Tag Archives: AviSec

Find out more about Advance Passenger Information SystemFollowing a two-year trial, plans have now been announced for the formal launch of an Advance Passenger Information System (APIS) by the General Directorate of Residency and Foreign Affairs in Dubai (GDRFA-Dubai). The scheme is pending final approval by the Ministry of the Interior, but should be in place by the end of this year or the beginning of 2015.

APIS helps airlines to process passenger informational data and will be a vital part of the border control system of the UAE and aims to reduce passenger checking times to just 20 seconds and thus streamlining the entire passenger processing system to allow for greater efficiency throughout the airport.

“Big organisations require a progressive and ambitious administrative philosophy. The one that is capable of coping with the challenges and at the same time add to its growth and development. GDRFA-Dubai, which deals with millions of people every month from all the segments, follows the same principle. Our cadres are our true treasures,” said GDRFA-Dubai Director-General, Major-General Mohammed Ahmed Al Marri.

The Advance Passenger Information System is ready to be implemented at national level, once approved. Major-General Obaid Muhair bin Suroor, Deputy Director-General of GDRFA-Dubai, has revealed that the first phase of implementation will begin with Emirates Airlines, with their First and Business class passengers. All other airlines and economy class passengers will benefit from APIS during subsequent phases of implementation.

Find out more about Advanced Passenger Information SystemIn a bid to enhance security and to check smuggling, Indira Ghandi International Airport (IGIA) has received the Advanced Passenger Information System (APIS) to keep track of passengers.

The system, put in place by the customs department, will provide an electronic database of all passengers, crew and airline staff that flow in and out of the airport. APIS systems are mandatory in the US and flag high-risk passengers while expediting the movements of low-risk passengers. The system maintains a high security situation, while streamlining ground operations and minimising delays.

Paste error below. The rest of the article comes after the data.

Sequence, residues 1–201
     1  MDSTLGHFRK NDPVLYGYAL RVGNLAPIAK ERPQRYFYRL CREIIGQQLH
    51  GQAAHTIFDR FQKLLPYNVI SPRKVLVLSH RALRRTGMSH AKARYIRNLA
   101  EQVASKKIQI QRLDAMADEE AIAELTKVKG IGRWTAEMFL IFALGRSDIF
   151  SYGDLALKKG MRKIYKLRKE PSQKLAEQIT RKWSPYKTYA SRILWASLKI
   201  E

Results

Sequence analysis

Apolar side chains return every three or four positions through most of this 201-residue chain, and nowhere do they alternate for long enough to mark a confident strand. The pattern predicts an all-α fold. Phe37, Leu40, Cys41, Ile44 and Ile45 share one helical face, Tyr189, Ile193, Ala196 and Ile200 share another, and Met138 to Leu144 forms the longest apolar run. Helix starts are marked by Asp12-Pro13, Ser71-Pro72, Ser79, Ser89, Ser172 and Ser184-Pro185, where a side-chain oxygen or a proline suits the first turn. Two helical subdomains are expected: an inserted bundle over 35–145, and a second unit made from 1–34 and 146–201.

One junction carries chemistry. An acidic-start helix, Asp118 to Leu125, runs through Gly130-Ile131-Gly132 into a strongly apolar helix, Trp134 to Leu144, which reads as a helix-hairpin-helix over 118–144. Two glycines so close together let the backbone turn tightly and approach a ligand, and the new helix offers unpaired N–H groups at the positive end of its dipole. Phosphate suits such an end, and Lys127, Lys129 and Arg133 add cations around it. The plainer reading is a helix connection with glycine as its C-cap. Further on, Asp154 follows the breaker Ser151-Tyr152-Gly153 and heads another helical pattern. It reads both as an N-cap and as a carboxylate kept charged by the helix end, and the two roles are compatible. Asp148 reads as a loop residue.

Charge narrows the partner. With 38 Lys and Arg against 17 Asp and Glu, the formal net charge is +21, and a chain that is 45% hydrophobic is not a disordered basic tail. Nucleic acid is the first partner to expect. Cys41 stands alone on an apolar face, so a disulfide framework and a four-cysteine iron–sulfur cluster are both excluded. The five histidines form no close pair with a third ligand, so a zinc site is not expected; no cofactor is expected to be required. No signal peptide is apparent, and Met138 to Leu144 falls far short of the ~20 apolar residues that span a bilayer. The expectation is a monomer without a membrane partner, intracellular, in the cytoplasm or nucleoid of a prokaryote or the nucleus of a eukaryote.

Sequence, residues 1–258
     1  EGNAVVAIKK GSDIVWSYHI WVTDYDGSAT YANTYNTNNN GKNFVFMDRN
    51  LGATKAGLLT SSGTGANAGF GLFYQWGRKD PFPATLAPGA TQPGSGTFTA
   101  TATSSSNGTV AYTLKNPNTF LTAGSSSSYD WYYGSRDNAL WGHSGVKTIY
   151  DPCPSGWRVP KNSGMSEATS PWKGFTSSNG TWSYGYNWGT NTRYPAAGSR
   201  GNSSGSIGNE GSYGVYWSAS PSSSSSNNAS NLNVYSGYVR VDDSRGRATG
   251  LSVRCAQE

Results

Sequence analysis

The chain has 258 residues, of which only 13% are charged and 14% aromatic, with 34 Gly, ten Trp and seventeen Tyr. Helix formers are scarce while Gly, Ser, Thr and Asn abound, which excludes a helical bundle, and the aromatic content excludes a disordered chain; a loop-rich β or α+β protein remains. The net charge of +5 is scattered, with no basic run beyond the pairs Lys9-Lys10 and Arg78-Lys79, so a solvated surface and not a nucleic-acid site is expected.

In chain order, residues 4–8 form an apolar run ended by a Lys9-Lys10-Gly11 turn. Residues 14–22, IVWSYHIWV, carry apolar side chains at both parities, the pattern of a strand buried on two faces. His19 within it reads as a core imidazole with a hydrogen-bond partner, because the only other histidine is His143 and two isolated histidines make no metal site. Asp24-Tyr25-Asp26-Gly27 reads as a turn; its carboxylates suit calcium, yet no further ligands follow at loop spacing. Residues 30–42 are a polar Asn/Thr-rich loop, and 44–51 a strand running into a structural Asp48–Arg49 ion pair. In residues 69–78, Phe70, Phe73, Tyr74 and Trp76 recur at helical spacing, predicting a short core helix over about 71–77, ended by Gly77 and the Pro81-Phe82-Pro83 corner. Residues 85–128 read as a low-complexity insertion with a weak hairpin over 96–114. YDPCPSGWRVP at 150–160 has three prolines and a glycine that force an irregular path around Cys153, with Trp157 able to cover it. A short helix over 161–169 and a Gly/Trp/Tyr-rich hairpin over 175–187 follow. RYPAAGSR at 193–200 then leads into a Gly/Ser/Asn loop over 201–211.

The system will run as a pilot project within IGIA in the short term, with a plan to implement the Advanced Passenger Information System at all other international airports across the country. It is estimated that more than 3,000kg of gold is smuggled into the country every month and the new security measures will assist officials to keep track of ‘red flag’ passengers.

Providers of APIS systems, such as ARINC, can implement the solution tailored to the individual requirements of each airport, regardless of size or capacity.

Read more about Advance Passenger Information SystemsThe Royal Oman Police have issued a warning to citizens wishing to travel abroad to ensure that passports due to expire within the next six months are renewed to avoid problems at their destination airport. At the moment, airlines take only the name of the passenger before the issue of tickets.

This follows repeated complaints from travellers to many countries that refuse to accept passports with less than six months before the expiry time. Although the rules are in place, travellers still neglect to renew, yet still complain.